Now, we could knock ourselves out looking for clever, elegant shortcuts to solve this, but the truth is, it’s just not necessary. (Later, you’ll see examples for which such shortcuts are appropriate.) The math is far from difficult, so as the sneaker commercial implores, we should just do it. Subtracting 12 from both sides of the second equation allows us to determine that y = 4. Substituting 4 for y in the first equation gives us x + (3)(4) = 15, which simplifies to x + 12 = 15 and x = 3. Four is bigger than 3, so Column B is bigger than Column A, meaning choice B is correct.
This may seem fairly simple, but at least one QC question will most likely contain relatively basic math while really testing whether you understand the question format. Here’s another example of a QC that’s nothing more than a Problem Solving challenge without the standard choices:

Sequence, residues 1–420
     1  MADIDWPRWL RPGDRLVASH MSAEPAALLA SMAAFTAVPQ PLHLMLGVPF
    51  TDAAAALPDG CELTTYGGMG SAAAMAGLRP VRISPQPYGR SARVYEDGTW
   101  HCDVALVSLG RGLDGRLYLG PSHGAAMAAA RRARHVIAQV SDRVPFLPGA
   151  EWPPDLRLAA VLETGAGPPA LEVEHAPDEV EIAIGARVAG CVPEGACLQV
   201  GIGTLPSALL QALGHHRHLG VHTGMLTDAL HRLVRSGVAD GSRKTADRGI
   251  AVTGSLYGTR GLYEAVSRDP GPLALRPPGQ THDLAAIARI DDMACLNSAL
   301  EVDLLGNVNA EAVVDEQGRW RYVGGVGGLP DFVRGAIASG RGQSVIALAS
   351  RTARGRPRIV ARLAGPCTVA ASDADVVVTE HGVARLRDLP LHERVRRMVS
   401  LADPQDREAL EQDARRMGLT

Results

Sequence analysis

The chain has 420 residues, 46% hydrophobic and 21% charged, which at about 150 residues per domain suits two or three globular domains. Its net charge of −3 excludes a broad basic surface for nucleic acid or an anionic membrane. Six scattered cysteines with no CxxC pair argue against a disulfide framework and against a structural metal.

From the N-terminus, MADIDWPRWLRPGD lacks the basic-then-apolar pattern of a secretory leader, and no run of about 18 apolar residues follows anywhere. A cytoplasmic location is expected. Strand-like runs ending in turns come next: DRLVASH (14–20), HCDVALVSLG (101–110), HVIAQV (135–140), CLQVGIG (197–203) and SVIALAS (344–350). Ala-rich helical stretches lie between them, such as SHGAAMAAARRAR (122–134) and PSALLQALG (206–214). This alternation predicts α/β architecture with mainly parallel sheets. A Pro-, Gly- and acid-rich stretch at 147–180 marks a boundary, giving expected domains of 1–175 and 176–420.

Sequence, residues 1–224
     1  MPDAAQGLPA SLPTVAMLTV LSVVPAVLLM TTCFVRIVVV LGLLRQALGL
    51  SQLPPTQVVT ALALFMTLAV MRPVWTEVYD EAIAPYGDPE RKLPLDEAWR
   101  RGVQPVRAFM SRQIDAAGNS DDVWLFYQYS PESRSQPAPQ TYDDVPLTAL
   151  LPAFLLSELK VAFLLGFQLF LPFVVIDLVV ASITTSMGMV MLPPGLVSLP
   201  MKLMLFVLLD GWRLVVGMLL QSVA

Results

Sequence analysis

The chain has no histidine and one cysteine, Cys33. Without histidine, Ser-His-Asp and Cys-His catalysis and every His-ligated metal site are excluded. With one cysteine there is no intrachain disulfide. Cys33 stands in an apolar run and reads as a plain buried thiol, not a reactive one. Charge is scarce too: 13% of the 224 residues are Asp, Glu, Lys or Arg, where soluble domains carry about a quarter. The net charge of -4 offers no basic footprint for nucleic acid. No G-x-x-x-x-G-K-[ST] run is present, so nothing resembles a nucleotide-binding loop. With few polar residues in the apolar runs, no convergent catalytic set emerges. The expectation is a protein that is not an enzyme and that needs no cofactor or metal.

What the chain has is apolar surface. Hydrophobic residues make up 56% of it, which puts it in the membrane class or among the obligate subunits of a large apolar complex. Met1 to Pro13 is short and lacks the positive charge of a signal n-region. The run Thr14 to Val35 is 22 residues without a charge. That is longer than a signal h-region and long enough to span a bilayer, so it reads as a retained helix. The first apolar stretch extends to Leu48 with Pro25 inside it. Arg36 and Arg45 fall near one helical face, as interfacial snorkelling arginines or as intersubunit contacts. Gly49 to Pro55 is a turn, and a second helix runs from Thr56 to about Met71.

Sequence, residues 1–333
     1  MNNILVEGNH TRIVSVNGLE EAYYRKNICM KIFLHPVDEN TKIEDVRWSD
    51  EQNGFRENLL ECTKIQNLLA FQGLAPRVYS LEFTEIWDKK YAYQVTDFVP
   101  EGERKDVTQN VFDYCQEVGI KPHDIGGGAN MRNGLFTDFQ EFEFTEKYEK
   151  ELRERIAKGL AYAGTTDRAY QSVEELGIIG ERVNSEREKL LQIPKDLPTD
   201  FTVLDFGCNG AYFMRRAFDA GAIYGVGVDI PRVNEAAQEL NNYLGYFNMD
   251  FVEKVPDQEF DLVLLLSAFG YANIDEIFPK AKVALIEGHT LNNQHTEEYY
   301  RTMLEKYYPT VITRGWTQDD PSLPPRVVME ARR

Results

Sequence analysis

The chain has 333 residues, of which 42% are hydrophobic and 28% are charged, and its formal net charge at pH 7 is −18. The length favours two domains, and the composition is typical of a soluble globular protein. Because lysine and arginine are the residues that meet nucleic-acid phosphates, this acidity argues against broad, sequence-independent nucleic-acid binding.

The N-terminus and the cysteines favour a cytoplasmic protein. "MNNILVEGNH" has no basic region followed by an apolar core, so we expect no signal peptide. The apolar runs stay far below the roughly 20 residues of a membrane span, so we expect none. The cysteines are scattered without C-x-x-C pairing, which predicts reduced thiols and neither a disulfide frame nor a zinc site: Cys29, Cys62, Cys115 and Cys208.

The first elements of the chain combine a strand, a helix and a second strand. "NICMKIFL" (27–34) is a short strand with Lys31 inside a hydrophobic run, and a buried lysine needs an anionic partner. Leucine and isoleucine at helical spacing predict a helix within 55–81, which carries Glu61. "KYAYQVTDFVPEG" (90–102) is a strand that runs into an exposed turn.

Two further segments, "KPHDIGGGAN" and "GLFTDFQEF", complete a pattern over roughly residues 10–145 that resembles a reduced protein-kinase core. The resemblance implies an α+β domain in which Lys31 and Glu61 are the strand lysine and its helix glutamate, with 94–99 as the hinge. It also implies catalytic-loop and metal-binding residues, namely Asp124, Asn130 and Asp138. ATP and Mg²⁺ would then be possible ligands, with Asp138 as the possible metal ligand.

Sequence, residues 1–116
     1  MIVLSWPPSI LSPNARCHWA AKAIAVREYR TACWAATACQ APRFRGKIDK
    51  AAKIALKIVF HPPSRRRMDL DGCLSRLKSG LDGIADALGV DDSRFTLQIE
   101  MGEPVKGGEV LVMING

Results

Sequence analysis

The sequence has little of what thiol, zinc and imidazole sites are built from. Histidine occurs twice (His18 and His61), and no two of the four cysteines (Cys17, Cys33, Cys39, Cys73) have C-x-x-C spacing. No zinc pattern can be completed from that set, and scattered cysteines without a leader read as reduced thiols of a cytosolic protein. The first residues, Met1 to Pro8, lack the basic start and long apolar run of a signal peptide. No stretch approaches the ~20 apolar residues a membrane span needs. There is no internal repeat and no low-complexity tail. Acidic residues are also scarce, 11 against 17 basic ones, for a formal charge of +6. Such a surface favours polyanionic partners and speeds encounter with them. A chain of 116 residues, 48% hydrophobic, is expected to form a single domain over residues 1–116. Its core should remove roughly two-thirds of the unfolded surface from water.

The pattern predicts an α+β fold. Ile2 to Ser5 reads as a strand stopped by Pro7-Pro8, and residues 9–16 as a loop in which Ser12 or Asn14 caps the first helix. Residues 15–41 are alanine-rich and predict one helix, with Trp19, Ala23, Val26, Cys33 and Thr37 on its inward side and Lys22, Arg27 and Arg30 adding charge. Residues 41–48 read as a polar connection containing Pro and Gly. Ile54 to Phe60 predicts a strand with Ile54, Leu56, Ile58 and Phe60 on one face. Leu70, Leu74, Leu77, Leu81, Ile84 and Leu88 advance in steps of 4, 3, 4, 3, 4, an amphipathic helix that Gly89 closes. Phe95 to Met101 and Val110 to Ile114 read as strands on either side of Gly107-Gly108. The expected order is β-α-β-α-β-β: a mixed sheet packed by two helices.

20 < n < 22

Column A Column B

(A) The quantity in Column A is greater.
(B) The quantity in Column B is greater.
(C) The two quantities are equal.
(D) The relationship cannot be determined from the information given.
Column B contains a straightforward fraction addition, and we can use the Magic X to determine that the sum equals 6 × 1, or 6, + 2 × 1, or 2, divided by the product of the denominators, 12. That comes out to , or . (If you’re still not up on the Magic X, review it in Math 101. If you prefer adding simple fractions the standard way, that’s fine too.) As for Column A, 21 is as good as any value to substitute for n, since n is limited to values between 20 and 22. It works out nicely too: simplifies to , so the quantities are equal, right?